[1]:
import pandas as pd
pd.set_option("display.max_rows", 5)

Filter

This function keeps rows of data that meet all specified conditions.

At its core, it follows the three following rules:

  • if each condition is true for a row, then it keeps that row.

  • it does not keep a row when a condition results in NA values.

  • it works with normal functions, including lambdas.

[2]:
from siuba import _, filter, group_by
from siuba.data import mtcars

Filter basics

This section demonstrates each of the three rules listed above.

For example, in the code below, a row must meet two conditions to be kept in the data. You can verbalize these conditions as, “cyl is equal to four, and gear is equal to five”.

[3]:
mtcars >> filter(_.cyl == 4, _.gear == 5)
[3]:
mpg cyl disp hp drat wt qsec vs am gear carb
26 26.0 4 120.3 91 4.43 2.140 16.7 0 1 5 2
27 30.4 4 95.1 113 3.77 1.513 16.9 1 1 5 2

Filters with OR conditions

In order to keep a row when one of several conditions is met, use the bar (|) operator.

[4]:
mtcars >> filter((_.cyl == 4) | (_.gear == 5))
[4]:
mpg cyl disp hp drat wt qsec vs am gear carb
2 22.8 4 108.0 93 3.85 2.32 18.61 1 1 4 1
7 24.4 4 146.7 62 3.69 3.19 20.00 1 0 4 2
... ... ... ... ... ... ... ... ... ... ... ...
30 15.0 8 301.0 335 3.54 3.57 14.60 0 1 5 8
31 21.4 4 121.0 109 4.11 2.78 18.60 1 1 4 2

14 rows × 11 columns

The code above keeps rows where cyl is equal to 4 OR gear is equal to 5.

Be sure to explicitly put parentheses around both sides. Otherwise, python will group the operation like _.cyl == (4 | _.gear) == 5.

Dropping NAs

As with most subsetting in pandas, when a condition evaluates to an NA value, the row is automatically excluded. This is different from pandas indexing, where NA values produce errors.

[5]:
df = pd.DataFrame({
    "x": [True, False, None],
    })

df
[5]:
x
0 True
1 False
2 None
[6]:
df >> filter(_.x)
[6]:
x
0 True

Finally, while the simplest method is to use filter with siu expressions, both these forms work:

  • _.cyl == 4

  • lambda _: _.cyl == 4

[7]:
mtcars >> filter(lambda _: _.cyl == 4, lambda _: _.gear == 5)
[7]:
mpg cyl disp hp drat wt qsec vs am gear carb
26 26.0 4 120.3 91 4.43 2.140 16.7 0 1 5 2
27 30.4 4 95.1 113 3.77 1.513 16.9 1 1 5 2

Under the hood, filter will call the lambda on the underlying data. However, keep in mind that using a lambda function prevents siuba from working with SQL, and from optimizing filter conditions over pandas DataFrames in the future.

Grouped filters

In the example below, we keep rows where the horsepower (hp) is above the median horsepower for each cylinder group. This means that the filter performas the following operations.

  • calculates the median hp for each cyl grouping.

  • for each row, based on the cyl group it belongs to, tests where the hp is greater than the median hp.

  • keeps only rows where this test passes.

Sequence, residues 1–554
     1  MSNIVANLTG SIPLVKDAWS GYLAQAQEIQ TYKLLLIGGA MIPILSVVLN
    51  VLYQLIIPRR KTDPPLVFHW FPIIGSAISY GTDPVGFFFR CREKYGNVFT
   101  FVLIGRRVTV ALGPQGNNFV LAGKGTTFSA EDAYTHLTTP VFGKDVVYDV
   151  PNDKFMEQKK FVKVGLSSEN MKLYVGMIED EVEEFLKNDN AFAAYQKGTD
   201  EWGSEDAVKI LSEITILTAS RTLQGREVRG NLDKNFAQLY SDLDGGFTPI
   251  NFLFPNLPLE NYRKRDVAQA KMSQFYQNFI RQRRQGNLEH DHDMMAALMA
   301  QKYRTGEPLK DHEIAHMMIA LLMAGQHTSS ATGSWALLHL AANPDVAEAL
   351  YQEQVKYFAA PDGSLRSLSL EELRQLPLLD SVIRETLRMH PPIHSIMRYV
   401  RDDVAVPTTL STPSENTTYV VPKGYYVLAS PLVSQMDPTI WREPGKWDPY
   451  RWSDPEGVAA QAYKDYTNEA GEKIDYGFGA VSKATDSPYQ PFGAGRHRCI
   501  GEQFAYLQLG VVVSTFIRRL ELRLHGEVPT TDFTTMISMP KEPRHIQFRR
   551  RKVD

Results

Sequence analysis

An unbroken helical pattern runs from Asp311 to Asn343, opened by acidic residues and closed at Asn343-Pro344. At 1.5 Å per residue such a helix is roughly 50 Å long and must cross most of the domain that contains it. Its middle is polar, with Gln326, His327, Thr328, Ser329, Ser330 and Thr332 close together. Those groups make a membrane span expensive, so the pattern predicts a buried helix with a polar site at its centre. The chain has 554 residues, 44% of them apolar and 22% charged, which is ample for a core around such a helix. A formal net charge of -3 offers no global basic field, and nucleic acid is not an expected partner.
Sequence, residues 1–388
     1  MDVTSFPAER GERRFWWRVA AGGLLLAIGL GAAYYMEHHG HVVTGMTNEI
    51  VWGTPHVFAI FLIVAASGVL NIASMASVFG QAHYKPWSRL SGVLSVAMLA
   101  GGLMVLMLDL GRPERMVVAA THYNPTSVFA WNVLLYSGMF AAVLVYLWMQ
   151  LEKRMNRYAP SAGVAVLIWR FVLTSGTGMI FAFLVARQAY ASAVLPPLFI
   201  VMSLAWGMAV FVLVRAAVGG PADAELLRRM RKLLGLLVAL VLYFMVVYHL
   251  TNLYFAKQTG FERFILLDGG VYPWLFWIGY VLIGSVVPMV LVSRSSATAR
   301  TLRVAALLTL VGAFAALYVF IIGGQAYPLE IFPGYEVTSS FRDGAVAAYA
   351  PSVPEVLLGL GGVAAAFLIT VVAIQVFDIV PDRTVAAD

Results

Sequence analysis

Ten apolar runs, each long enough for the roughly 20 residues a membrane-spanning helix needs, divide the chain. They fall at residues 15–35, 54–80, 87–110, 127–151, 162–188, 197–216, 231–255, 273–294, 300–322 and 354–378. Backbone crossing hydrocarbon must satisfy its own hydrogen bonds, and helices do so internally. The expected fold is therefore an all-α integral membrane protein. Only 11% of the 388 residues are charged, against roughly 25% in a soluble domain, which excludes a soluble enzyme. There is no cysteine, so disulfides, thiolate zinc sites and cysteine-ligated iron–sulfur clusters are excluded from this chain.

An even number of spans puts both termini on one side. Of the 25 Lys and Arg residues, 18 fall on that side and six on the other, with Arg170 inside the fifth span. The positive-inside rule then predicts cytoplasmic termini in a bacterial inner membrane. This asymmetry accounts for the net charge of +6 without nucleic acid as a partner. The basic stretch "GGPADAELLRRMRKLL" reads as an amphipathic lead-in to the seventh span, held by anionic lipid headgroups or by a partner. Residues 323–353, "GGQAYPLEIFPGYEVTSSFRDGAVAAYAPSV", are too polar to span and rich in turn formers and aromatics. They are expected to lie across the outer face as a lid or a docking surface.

[8]:
(mtcars
  >> group_by(_.cyl)
  >> filter(_.hp > _.hp.median())
  )
[8]:

(grouped data frame)

mpg cyl disp hp drat wt qsec vs am gear carb
2 22.8 4 108.0 93 3.85 2.32 18.61 1 1 4 1
6 14.3 8 360.0 245 3.21 3.57 15.84 0 0 3 4
... ... ... ... ... ... ... ... ... ... ... ...
30 15.0 8 301.0 335 3.54 3.57 14.60 0 1 5 8
31 21.4 4 121.0 109 4.11 2.78 18.60 1 1 4 2

15 rows × 11 columns

Filter with siuba vector functions

The siuba library includes a number of helper functions for operating on arrays of data (i.e. pandas Series or numpy arrays).

These functions can also do other useful calculations inside a filter, like…

  • return the row number of an entry

  • calculate a cumulative sum

  • shift all values down (lag) or up (lead) one

Keeping the two lowest horsepower rows per cylinder

For example, in the code below we filter to…

  • sort the data by ascending horse power (hp).

  • get the row number of each entry within a cyl group.

  • filter it to keep the two lowest hp cars per group.

Note that since there are 3 cyl groups (4, 6, or 8 cylinders), this returns 6 rows.

[9]:
from siuba.dply.vector import row_number, lag
from siuba import arrange

(mtcars
  >> arrange(_.hp)
  >> group_by(_.cyl)
  >> filter(row_number(_) <= 2)
  )
[9]:

(grouped data frame)

mpg cyl disp hp drat wt qsec vs am gear carb
0 21.0 6 160.0 110 3.90 2.620 16.46 0 1 4 4
5 18.1 6 225.0 105 2.76 3.460 20.22 1 0 3 1
... ... ... ... ... ... ... ... ... ... ... ...
21 15.5 8 318.0 150 2.76 3.520 16.87 0 0 3 2
22 15.2 8 304.0 150 3.15 3.435 17.30 0 0 3 2

6 rows × 11 columns

Comparing shifts in hp across rows

Below we sort the data by ascending horsepower (hp), then filter to keep rows where it increases by 50.

[10]:
(mtcars
  >> arrange(_.hp)
  >> filter(_.hp - lag(_.hp) > 50)
  )
[10]:
mpg cyl disp hp drat wt qsec vs am gear carb
30 15.0 8 301.0 335 3.54 3.57 14.6 0 1 5 8

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